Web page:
King Herod heard of it, for Jesus’ name had become known. Some were saying, “John the baptizer has been raised from the dead; and for this reason these powers are at work in him.” But others said, “It is Elijah.” And others said, “It is a prophet, like one of the prophets of old.” But when Herod heard of it, he said, “John, whom I beheaded, has been raised.”
For Herod himself had sent men who arrested John, bound him, and put him in prison on account of Herodias, his brother Philip’s wife, because Herod had married her. For John had been telling Herod, “It is not lawful for you to have your brother’s wife.” And Herodias had a grudge against him, and wanted to kill him. But she could not, for Herod feared John, knowing that he was a righteous and holy man, and he protected him.
When he heard him, he was greatly perplexed; and yet he liked to listen to him. But an opportunity came when Herod on his birthday gave a banquet for his courtiers and officers and for the leaders of Galilee. When his daughter Herodias came in and danced, she pleased Herod and his guests; and the king said to the girl, “Ask me for whatever you wish, and I will give it.” And he solemnly swore to her, “Whatever you ask me, I will give you, even half of my kingdom.”
She went out and said to her mother, “What should I ask for?” She replied, “The head of John the baptizer.” Immediately she rushed back to the king and requested, “I want you to give me at once the head of John the Baptist on a platter.”The king was deeply grieved; yet out of regard for his oaths and for the guests, he did not want to refuse her.
Immediately the king sent a soldier of the guard with orders to bring John’s head. He went and beheaded him in the prison, brought his head on a platter, and gave it to the girl. Then the girl gave it to her mother. When his disciples heard about it, they came and took his body, and laid it in a tomb.
New Revised Standard Version, copyright 1989, by the National Council of the Churches of Christ in the United States of America. Used by permission. All rights reserved. USCCB approved.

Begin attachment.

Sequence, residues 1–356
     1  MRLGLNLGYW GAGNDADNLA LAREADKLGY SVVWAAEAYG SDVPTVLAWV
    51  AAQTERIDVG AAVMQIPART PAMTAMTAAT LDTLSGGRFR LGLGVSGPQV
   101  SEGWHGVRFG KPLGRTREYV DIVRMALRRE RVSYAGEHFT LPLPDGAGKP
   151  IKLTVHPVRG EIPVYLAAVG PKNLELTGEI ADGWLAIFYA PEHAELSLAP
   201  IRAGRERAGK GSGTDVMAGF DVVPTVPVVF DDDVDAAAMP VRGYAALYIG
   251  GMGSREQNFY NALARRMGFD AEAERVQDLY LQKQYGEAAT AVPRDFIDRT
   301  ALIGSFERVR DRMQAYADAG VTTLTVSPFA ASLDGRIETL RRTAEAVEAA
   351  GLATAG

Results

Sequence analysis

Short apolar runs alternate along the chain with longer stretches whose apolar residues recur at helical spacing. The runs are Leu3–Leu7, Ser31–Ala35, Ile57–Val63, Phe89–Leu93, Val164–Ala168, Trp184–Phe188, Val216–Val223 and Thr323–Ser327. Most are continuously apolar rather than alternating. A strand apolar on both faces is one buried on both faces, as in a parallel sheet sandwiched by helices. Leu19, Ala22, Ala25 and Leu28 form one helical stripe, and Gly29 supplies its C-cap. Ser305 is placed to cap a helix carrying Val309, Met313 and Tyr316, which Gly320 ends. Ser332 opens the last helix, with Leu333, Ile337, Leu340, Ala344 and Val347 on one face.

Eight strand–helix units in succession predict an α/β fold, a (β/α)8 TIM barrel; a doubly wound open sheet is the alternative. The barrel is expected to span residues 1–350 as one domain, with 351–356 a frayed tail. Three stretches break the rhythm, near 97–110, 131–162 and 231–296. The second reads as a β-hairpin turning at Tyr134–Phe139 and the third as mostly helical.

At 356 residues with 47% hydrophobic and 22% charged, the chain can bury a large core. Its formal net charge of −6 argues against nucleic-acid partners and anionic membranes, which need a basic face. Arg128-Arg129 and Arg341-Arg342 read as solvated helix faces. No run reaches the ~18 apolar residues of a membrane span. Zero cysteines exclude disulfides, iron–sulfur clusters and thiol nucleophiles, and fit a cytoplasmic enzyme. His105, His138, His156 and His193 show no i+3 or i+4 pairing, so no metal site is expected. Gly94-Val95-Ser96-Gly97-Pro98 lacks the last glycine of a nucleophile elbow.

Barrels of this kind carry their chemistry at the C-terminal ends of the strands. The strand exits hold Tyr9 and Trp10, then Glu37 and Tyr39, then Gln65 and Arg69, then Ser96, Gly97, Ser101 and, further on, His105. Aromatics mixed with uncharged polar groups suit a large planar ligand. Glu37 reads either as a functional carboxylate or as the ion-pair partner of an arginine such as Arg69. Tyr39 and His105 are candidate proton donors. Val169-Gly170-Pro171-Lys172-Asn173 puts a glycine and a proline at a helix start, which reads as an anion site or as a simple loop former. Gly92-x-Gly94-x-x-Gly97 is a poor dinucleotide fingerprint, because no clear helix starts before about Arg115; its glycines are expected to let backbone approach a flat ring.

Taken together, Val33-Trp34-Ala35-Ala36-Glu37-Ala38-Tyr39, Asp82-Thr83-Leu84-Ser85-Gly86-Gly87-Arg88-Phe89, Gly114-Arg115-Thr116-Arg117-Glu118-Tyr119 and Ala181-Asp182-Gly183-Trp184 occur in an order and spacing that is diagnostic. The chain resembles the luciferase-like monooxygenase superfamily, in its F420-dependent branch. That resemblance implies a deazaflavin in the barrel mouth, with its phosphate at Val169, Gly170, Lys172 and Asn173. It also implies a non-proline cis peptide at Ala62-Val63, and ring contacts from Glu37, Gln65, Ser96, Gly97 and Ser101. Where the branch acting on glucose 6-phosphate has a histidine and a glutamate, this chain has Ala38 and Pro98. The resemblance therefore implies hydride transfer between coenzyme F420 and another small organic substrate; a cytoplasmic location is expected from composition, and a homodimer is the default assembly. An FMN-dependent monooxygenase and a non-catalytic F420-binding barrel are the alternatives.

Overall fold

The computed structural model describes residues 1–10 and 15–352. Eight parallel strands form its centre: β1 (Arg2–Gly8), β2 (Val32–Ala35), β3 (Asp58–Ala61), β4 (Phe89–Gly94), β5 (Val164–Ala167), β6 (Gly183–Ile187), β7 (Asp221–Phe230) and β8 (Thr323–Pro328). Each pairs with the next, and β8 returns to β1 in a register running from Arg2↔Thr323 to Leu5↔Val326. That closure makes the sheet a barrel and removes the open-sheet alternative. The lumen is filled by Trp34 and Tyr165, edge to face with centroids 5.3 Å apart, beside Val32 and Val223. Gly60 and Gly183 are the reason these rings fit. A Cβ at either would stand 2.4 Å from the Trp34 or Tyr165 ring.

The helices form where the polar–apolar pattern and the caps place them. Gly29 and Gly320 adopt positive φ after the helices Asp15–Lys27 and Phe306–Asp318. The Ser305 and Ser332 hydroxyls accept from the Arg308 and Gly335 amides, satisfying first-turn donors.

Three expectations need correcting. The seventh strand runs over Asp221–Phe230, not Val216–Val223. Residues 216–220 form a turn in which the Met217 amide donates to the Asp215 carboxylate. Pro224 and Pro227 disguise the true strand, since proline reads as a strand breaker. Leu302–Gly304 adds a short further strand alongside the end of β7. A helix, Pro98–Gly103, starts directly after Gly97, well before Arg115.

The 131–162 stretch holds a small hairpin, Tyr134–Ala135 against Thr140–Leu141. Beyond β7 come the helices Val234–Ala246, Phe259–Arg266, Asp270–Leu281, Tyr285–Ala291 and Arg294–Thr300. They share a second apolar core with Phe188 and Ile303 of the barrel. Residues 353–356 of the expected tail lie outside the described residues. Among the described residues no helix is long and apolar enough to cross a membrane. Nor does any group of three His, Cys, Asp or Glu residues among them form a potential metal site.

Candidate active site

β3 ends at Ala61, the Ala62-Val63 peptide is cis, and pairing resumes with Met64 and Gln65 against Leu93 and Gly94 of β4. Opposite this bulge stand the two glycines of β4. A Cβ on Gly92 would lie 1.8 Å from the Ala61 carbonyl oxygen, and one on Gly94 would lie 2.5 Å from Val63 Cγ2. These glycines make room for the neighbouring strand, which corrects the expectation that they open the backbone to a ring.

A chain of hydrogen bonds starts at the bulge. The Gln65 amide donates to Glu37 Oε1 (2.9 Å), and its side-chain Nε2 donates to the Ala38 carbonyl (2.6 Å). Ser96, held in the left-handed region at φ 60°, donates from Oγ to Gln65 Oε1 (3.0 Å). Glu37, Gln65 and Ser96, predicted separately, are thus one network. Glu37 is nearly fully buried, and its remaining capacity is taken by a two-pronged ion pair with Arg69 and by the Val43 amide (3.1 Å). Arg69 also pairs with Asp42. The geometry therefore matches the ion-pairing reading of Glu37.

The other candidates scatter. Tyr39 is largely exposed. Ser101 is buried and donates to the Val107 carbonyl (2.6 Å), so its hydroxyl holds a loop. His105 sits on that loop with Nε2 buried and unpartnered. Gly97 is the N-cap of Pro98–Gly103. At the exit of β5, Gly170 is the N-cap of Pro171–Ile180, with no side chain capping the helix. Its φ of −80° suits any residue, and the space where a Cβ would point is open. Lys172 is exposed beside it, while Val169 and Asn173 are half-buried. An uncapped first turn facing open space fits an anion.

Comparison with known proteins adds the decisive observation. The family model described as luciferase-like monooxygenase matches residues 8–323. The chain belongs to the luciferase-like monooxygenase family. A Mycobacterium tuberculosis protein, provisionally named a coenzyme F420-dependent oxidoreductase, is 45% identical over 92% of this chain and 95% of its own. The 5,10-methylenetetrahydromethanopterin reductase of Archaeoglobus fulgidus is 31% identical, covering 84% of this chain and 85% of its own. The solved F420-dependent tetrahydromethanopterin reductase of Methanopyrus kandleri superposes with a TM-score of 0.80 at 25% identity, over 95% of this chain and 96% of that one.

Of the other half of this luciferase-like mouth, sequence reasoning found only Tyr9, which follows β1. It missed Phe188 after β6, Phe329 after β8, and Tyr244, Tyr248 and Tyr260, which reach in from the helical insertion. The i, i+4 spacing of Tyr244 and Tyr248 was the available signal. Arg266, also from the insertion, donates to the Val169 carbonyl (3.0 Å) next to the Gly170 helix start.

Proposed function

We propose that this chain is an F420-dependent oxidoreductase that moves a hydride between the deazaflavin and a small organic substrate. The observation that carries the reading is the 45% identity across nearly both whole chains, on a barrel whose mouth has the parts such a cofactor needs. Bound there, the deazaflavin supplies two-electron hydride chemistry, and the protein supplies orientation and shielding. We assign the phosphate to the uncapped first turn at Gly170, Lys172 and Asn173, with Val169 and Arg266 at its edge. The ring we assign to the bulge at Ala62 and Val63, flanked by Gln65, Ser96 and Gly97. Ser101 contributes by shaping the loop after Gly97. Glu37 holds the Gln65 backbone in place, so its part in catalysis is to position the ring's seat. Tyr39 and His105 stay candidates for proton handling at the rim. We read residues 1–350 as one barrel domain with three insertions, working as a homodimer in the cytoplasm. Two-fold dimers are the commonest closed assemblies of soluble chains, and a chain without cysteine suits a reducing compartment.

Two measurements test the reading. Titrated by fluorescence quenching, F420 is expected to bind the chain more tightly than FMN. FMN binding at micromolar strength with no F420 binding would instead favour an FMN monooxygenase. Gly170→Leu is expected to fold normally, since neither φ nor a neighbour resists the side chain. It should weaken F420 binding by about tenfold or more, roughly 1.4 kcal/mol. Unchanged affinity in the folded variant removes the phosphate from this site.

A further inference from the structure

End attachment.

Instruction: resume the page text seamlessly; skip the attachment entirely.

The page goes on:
Celebrating the memorial of St. Paul Miki and his Jesuit companions, we recall the life of John the Baptist. John is one of the greatest figures in Christianity not only because he preached about a baptism of repentance, but mainly because he is a precursor to Jesus and insisted on announcing that another would come after him. Today´s gospel accounts for the consequences of John´s actions and words that led him to be executed, in spite of the fact that Herod feared John and acknowledged his righteousness and holiness.
John is a herald, who teaches us what it means to be followers of Christ. So was Paul Miki, who together with his Jesuit martyr companions, was put to death for having preached the gospel in the Far East and searching out people who were most in need.
As we recall the memories of these courageous people who bravely announced God´s love, let us remember that mission is a key element of Christian life. Our faith calls us to save the world with the same prompt response of our martyrs and the love that God shows for us. Are we willing to journey wherever God sends us? Perhaps today we can take the first step of that extra mile.
—Fr. Hugo Nelson Gomez-Sevilla is a Jesuit from Colombia, currently pursuing graduate studies in educational leadership at Loyola University Chicago.
Martyrdom is a grace from God I don’t believe I deserve. But if God accepts the sacrifice of my life, my blood will become the seed of freedom and the sign that hope will soon become a reality.
—Archbishop Óscar Romero (1917-1980)Please share the Good Word with your friends!